Suffolk Wool Towns
This part of Suffolk has a fascinating heritage and much of the fine architecture of the houses and churches, owe their grandeur to the wealth generated by the manufacture in the 13th century, of woollen cloth. This was a major industrial area several hundred years and included the bigger towns of Ipswich, Bury St Edmunds and Sudbury as well as the small, outlying villages, which are known as the Suffolk Wool Towns.
There is some debate as to why this area was so ideal for the woollen cloth industry, it is thought its proximity to London may have been a factor but many other preconditions would have existed to enable the industry to flourish as it did.
During the reign of Henry VIII Lavenham was listed as being England's 14th richest town. However, by the mid 16th century, the woollen cloth industry was in decline as the demand for lighter, finer fabrics increased.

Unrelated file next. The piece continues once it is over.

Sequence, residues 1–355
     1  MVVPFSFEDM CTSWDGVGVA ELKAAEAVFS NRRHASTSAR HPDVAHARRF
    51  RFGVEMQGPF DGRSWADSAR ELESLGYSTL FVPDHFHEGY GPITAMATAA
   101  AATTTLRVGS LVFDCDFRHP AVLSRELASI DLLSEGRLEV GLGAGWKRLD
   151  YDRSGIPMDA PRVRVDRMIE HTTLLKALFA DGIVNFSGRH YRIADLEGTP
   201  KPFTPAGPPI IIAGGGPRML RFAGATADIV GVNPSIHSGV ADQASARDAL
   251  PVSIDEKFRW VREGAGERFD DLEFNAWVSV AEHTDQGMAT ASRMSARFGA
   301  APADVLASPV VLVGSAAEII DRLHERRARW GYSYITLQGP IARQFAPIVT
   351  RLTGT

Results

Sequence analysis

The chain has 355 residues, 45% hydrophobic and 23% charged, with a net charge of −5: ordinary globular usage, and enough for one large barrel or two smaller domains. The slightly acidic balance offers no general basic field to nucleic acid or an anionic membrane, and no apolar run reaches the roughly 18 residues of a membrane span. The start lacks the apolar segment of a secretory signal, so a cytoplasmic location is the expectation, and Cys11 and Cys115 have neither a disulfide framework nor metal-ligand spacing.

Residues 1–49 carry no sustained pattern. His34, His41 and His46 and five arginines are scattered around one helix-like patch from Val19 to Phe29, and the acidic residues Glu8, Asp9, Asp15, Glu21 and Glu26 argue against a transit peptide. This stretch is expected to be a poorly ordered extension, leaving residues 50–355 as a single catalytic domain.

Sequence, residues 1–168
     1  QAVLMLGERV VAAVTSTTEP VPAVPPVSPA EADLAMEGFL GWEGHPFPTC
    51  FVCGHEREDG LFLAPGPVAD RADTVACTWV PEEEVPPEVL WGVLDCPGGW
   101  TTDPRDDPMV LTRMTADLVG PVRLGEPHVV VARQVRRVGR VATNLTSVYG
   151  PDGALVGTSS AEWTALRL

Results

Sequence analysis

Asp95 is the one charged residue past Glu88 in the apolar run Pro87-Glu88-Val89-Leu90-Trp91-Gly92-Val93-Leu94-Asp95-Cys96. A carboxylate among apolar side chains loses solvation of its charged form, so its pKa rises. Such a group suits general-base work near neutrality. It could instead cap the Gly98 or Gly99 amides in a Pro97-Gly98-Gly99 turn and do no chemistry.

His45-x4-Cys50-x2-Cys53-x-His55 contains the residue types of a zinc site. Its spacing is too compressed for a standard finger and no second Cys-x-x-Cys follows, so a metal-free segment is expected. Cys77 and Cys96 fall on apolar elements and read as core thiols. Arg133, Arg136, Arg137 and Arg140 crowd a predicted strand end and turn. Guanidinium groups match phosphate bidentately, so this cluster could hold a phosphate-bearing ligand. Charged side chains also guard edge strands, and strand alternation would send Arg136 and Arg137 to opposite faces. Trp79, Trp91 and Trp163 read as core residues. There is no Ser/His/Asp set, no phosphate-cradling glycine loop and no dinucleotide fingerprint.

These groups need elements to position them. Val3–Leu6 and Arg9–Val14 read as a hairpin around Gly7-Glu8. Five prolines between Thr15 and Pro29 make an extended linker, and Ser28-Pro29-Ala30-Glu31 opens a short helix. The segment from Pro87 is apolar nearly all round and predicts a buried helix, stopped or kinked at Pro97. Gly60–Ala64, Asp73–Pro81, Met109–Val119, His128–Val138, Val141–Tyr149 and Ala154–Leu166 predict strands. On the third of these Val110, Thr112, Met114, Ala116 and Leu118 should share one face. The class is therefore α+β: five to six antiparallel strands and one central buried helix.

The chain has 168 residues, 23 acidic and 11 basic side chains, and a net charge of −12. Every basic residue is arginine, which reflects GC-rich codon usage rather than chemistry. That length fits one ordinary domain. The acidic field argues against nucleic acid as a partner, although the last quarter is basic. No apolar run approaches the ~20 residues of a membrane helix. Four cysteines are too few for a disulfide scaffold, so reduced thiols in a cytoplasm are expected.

Some Suffolk wool towns and villages were hit very hard by this change, especially places like Lavenham and Nayland, where around 70% of residents were involved in the woollen cloth industry.
Other industries had to be developed and for some villages, agriculture took over as the main source of employment. Sudbury had a more diverse economy and was robust enough to withstand the collapse of the woollen cloth trade. Here, silk weaving took over and by the late 18th century, this industry was well-established and still continues today in four existing silk factories in the town. Sudbury has become known as England's Silk Capital and regular guided walks take place in the town, which explore the silk weaving history as well as the town's connections with artist Thomas Gainsborough.
Further information on the Suffolk Wool Towns is also available on the Visit Suffolk website.